The Weekend Hangover is Too Much Gaming's Monday rumination of the games or game we played over the weekend. Sometimes there is alcohol involved in the hangover we’re nursing, but most other times there’s just too much gaming.
When Valve announced that Counter-Strike: Global Offensive will take the free-to-play route and add in their own take of a battle royale mode, everyone had mixed feelings about it. Mostly negative since going free-to-play made players who had paid for the game feel gypped. But that’s another story for another article. Today, I’m going to talk about my weekend playing CS:GO’s new mode Danger Zone.
Danger Zone is the name of CS:GO’s spin on a battle royale mode. You’re hoisted into a large new map called the Blacksite, where you duke it out in a 16-player match if you run solo or an 18-player match if you queue up as a squad of two or three. If this sounds too familiar, then it probably is if, especially if you’re coming from other BR games such as PlayerUnknown’s Battlegrounds or the Fortnite.
After a few games this weekend, I could sum up my experience of Danger Zone as such: It stays true to the BR formula, but with its intensity amplified by a combination of the fast-paced nature of Valve’s twitchy Source Engine, the addition of CS:GO’s game mechanics, and a few new twists to the battle royale formula. That makes Danger Zone unique compared to it’s bigger brothers.
After a few minutes of warming up and waiting for players, I’m shown a map of Blacksite where I can select where I drop down at the start of the match. Once I chose where to land, the game proceeds to show my character rappelling down the designated area. I landed in an empty pier with a few boxes housing an axe melee weapon, a pistol, and a flashbang. It’s a ghost town here. No game background music to ease the inevitable tension I’m about to experience once I explore further outside. Danger Zone begins!
One of the first things I noticed playing Danger Zone is that CS:GO’s buy menu is still present in the game. In true Counter-Strike fashion, you’re able to access a buy menu that lets you purchase guns, ammo, armor, and misc gear. The difference is that you won’t be able to obtain the items you purchased at once. Instead, a drone will fly and head over to your direction and will drop the items you purchased as a care package. At first, I was clueless what was happening after buying an SMG to even the odds a bit in my favor. Then after a few seconds, I heard and eventually saw a drone whizzing in the distance carrying my newly purchased gun. As I was licking my chops waiting for the gun to drop, I was too late to realize the error of my ways as 3-4 pistol rounds whizzed towards me. I spotted a total of 2 strangers in yellow jumpsuits slowly approaching towards my direction. What happened next was a familiar battle royale scenario: I picked up my submachine gun, found out it only has 24 bullets, shot and successfully killed one of my attackers, move to nearest cover, proceeded to finish off the approaching second attacker but found out I ran out of bullets on both my submachine gun and pistol, died.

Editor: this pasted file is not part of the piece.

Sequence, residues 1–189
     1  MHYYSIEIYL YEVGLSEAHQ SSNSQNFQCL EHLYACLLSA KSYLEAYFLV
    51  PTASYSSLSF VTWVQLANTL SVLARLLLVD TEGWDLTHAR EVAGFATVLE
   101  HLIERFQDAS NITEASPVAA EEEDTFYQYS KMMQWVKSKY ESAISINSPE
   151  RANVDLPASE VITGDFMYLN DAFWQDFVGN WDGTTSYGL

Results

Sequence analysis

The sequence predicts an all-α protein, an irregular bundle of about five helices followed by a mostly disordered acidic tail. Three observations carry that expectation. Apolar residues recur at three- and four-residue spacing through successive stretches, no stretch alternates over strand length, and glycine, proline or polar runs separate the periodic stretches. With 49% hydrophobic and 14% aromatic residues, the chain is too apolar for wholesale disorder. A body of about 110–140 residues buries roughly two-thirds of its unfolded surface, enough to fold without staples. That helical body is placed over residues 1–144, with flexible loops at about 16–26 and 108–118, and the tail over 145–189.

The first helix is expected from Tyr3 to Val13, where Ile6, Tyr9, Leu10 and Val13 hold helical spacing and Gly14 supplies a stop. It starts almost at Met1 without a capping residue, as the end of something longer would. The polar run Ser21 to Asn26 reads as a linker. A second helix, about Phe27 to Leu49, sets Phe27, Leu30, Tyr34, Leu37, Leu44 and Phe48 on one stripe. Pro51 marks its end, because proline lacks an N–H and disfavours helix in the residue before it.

As I was slowly trying to get my ole’ CS:GO rhythm and playstyle back, I was successfully getting the hang of Danger Zone’s format. I tried out different strategies on how to approach the first 5 minutes of the game. Should I buy or just scavenge for parts? Is holing up in one secluded area for the rest of the game a good idea or should I try hunting down everyone where they least expect it? Should I go for a long-range rifle or a weapon that favors close-quarters combat? placing on the top 3-5 most of the time before I luckily got dinked or just straight up died due to weapons or ammo disadvantage.
Like it or not, the Battle Royale format in CS:GO is here to stay. It has its own charming and exhilarating moments. However, the buy system, as well as the somewhat bland map design, might turn off a few players enough that they’ll just go back to their usual Fortnite sessions. I’d say Danger Zone is a great distraction or a good icebreaker between playing competitive ranked games in CS:GO if you don’t want the usual casual deathmatch mode. I personally did enjoy it more with a friend or a group because generally, BR games with friends tend to be that fun. Unfortunately, the fun factor didn’t really stick to me enough to make me play more after this weekend.